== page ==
Art And Culture

‘Flash Fiction’ Contest

‘Flash Fiction’ Contest‘Flash Fiction’ Contest

Theatre director Ebrahim Poshtkoohi will hold a flash fiction competition named ‘The Last Pomegranate in the World.’

Short stories or flash fiction is a style of fictional literature or fiction of extreme brevity. There is no widely accepted definition of the length of the category. Some self-described markets for flash fiction impose caps as low as 300 words, while others consider stories as long as 1000 words to be flash fiction.

The genre is quite new in Iran, and is a variable between poetry and prose, Honaronline reports.

The competition aims at introducing talented and innovative artists. “We want to connect the literary mind and theater, because I believe all branches of art are related,” Poshtkoohi said.

He said his Titowak Theatre Group, is holding talks with veteran literature and theatre artists to get their support for the event. Each participant may submit up to five “10-word fictional works.”

The title of the event is taken from a book of the same name written by Bachtyar Ali, Kurdish author. “The competition is to elicit interest in reading,” said Poshtkoohi.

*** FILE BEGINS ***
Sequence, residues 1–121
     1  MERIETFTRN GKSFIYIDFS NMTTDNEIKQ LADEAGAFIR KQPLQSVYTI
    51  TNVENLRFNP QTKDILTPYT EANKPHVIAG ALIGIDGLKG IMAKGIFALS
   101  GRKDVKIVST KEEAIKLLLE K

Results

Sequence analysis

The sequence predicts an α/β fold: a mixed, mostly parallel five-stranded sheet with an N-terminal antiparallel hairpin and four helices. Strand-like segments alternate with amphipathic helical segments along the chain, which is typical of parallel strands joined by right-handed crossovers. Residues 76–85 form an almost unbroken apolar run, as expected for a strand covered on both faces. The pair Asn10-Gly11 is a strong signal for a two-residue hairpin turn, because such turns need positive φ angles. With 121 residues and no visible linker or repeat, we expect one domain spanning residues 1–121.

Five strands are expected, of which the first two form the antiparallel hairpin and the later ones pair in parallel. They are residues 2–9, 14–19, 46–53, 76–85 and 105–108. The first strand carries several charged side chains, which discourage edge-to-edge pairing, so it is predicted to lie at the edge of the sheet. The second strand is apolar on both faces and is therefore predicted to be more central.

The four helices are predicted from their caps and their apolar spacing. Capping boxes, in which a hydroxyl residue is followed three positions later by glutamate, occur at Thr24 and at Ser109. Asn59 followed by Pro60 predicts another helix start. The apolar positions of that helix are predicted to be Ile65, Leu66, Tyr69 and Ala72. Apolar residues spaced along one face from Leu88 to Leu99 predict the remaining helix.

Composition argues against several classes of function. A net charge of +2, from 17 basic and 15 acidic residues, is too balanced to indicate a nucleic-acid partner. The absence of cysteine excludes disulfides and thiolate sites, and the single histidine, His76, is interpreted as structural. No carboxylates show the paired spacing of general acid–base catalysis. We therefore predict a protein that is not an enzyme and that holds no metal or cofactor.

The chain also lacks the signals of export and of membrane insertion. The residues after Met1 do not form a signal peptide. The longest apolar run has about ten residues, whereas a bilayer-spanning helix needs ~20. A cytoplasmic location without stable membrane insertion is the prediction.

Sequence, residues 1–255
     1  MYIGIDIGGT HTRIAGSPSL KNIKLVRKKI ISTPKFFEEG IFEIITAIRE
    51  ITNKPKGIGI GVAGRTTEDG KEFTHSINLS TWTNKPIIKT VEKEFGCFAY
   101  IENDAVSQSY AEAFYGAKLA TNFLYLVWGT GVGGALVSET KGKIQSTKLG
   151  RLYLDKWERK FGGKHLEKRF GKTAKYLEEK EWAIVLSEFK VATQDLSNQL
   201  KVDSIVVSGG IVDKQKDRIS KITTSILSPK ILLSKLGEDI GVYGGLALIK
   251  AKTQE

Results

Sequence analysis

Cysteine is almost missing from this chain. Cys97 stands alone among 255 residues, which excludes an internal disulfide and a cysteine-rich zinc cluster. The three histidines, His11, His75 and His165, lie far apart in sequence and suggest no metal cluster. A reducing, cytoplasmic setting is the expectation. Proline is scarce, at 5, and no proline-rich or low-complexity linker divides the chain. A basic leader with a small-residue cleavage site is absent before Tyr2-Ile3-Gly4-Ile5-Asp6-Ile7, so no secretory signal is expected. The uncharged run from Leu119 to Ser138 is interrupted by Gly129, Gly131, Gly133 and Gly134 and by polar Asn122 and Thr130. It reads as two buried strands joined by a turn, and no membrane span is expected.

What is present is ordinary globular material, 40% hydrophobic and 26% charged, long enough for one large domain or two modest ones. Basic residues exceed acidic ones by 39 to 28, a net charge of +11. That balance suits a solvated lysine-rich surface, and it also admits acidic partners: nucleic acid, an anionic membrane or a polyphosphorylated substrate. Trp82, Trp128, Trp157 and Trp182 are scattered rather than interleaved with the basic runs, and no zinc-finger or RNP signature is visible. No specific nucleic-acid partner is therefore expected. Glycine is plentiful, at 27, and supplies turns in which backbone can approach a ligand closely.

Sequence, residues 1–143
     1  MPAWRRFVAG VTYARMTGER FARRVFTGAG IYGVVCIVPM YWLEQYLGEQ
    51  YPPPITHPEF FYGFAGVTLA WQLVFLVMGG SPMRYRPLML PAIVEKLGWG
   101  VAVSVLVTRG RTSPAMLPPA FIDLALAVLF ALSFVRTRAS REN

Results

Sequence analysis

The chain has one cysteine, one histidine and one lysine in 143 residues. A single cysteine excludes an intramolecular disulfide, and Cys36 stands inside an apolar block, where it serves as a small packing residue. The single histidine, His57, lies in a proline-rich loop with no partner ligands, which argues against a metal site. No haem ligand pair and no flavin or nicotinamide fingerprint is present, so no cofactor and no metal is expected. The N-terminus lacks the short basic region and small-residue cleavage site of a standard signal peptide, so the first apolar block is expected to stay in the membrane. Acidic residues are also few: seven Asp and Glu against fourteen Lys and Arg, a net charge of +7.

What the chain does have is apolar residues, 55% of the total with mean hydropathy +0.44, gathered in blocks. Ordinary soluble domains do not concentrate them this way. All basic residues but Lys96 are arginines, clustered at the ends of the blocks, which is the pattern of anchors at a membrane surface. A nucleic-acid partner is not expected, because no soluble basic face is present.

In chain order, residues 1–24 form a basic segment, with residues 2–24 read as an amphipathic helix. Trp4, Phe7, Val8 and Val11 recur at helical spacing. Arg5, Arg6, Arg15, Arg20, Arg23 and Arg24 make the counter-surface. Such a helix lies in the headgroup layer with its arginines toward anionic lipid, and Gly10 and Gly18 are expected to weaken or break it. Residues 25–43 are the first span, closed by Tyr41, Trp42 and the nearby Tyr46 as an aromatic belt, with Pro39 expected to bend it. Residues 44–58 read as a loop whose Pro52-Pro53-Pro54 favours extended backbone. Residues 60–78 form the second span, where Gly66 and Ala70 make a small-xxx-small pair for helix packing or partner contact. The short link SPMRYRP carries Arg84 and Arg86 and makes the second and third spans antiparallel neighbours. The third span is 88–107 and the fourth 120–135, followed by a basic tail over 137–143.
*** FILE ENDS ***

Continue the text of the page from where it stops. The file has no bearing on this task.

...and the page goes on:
The works will be judged by Behrouz Gharibpour, renowned theatre director, Shams Langroudi, contemporary poet and author, Asadollah Amraee, author and translator, Roya Nonahali, theatre actor and director, and Poshtkoohi.

Enthusiasts can submit their short fiction via email or instagram. The winners will be announced on November 28.

 Many Definitions

Many terms for this category exist, including micro fiction, micro narrative,  postcard fiction, short short, and sudden fiction, though distinctions are sometimes drawn among some of these terms; for example, sometimes 1000 words is considered the cutoff between “flash fiction” and the slightly longer short story “sudden fiction”. The terms “micro fiction” and “micro narrative” are sometimes defined as below 300 words, and include these diminutive subcategories: the drabble (100 words), nanofiction (55 words), and twitter fiction, aka twitterature (140 characters, or about 23 words).

The term “short short story” was the most commonly used from the early 20th century until about 2000, when it was overtaken by “flash fiction.”

 One of the first known usages of flash fiction in reference to the literary style was the 1992 anthology Flash Fiction: Seventy-Two Very Short Stories. Editor James Thomas stated that the editors’ definition of a “flash fiction” was a story that would fit on two facing pages of a typical digest-sized literary magazine.

In China the style is frequently called a “smoke long” or “palm-sized” story, with the comparison being that the story should be finished before the reader can finish smoking a cigarette.

Very short fiction has roots going back to prehistory, recorded at origin of writing, including fables and parables, notably Aesop’s Fables in the west, and Panchatantra and Jataka tales in India. Later examples include the tales of Nasreddin and Zen koans such as ‘The Gateless Gate’.

Very short literary works in other genres include fragments and essays, such as the Japanese ‘Zuihitsu’ genre.